Whatever Became of That School Finance Ruling?

District Court Judge John Dietz of Austin is shown in his courtroom on Feb. 4, 2013, before he ruled that the state's school finance system was unconstitutional.
District Court Judge John Dietz of Austin is shown in his courtroom on Feb. 4, 2013, before he ruled that the state's school finance system was unconstitutional.

When John Dietz issued an oral ruling declaring the state’s school finance system unconstitutional in February, the state district court judge said he would release a more detailed, written decision by mid-March.

It’s now June, and there is still no final decision in the sweeping lawsuit involving more than two-thirds of Texas school districts that arose after the Legislature eliminated roughly $5.4 billion from state public education funding in 2011.

Dietz, who did not return a call for comment, has not formally communicated any reason for the delay to the parties in the lawsuit, according to David Thompson, an attorney involved in the litigation.

But Thompson said his “best surmise” was that the judge decided to wait until the dust from the then-ongoing legislative session had settled.  

Shortly after the initial ruling came down, it became apparent the legislative session could have an effect on the details of Dietz’s decision, which will explain how and why the state has failed to adequately fund its public schools. Lawmakers began adding money back into public education. It also became clear they would likely make changes to charter school policy and high school graduation and testing requirements, all of which were covered in testimony during the trial.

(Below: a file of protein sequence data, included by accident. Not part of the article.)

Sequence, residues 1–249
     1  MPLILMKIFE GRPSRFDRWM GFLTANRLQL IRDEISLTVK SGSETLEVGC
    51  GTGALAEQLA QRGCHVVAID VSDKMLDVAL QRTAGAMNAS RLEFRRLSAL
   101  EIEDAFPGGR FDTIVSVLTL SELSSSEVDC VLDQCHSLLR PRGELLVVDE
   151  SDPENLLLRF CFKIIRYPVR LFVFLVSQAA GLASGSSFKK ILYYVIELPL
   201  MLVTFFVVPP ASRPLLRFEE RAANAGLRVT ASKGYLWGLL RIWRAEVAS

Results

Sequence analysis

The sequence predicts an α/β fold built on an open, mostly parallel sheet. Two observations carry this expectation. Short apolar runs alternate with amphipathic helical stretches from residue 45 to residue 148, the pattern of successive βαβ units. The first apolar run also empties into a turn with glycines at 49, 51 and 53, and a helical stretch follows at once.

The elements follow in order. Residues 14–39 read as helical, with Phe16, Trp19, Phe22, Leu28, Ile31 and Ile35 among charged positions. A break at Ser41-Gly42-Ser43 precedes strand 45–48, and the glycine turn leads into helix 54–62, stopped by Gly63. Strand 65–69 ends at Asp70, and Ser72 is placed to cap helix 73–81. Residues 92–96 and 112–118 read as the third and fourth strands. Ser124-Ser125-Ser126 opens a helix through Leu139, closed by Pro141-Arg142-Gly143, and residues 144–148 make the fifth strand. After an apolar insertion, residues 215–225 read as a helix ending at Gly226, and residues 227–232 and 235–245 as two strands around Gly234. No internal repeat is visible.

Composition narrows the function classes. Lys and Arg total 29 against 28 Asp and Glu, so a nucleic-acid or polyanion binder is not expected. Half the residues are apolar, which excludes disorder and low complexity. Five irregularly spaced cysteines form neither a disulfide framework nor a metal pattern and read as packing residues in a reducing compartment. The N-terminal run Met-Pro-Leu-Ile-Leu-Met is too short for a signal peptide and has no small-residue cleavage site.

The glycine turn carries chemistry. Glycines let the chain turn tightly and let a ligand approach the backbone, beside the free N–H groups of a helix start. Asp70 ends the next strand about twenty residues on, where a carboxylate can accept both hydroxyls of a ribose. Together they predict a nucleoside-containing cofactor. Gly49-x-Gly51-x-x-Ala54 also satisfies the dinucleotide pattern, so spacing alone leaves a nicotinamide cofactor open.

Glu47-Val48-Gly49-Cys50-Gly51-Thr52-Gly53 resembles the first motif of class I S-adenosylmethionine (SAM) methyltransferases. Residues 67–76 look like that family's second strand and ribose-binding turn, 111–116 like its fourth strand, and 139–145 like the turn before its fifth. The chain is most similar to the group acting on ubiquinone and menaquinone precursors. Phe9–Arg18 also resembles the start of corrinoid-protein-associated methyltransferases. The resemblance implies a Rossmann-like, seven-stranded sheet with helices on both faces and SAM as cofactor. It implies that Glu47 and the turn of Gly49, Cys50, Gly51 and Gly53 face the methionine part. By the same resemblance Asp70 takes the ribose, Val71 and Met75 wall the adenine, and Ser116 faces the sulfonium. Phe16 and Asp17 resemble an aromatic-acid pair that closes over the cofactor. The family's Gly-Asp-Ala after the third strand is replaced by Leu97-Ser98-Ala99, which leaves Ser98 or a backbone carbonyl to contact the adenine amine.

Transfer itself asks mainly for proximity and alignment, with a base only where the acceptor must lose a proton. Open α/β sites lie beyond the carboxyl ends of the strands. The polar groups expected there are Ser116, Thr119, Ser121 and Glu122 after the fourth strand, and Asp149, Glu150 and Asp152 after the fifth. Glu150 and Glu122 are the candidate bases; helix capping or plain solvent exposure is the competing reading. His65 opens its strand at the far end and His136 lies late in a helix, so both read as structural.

By the time Sine Die rolled around on Monday, lawmakers had restored about $3.4 billion to public education funding. They also passed House Bill 5, testing and high school curriculum legislation, and Senate Bill 2, which expands the state’s charter school system.

All three bills now sit on Gov. Rick Perry’s desk awaiting final approval. If they become law, the court will likely hold a few additional evidentiary hearings to update the record before the case goes on its expected trip to the Texas Supreme Court.

How students did on the 2013 administration of the STAAR exams, the results of which will be announced in the next few weeks, could also be a factor. During the trial, lawyers for the state said that poor performance the first time around was to be expected as schools adjusted to the new assessment system.

Thompson said that while it would be important to clarify in court how the legislative session had affected the case, he did not expect the outcome to differ much from the judge's bench ruling in February. Likening the changes to tuning up a 20-year-old car, he pointed to the outdated formulas and disparities from district to district that remain in the state's funding for schools.

“We haven't said, 'Do we have the right structure, do we have a system that is actually designed to give our kids a good shot at meeting the standards that we've set?'” Thompson said.

The state, of course, will argue differently, as lawmakers did when they praised the passage of the 2013 budget. House Appropriations Chairman Jim Pitts, R-Waxahachie, said it contained the “most equitable” school funding plan the Legislature had ever approved.

When that happens depends on whether Perry vetoes any key education legislation, and what Dietz thinks of the final results. The governor has until June 16 to make up his mind. The judge doesn't have a deadline.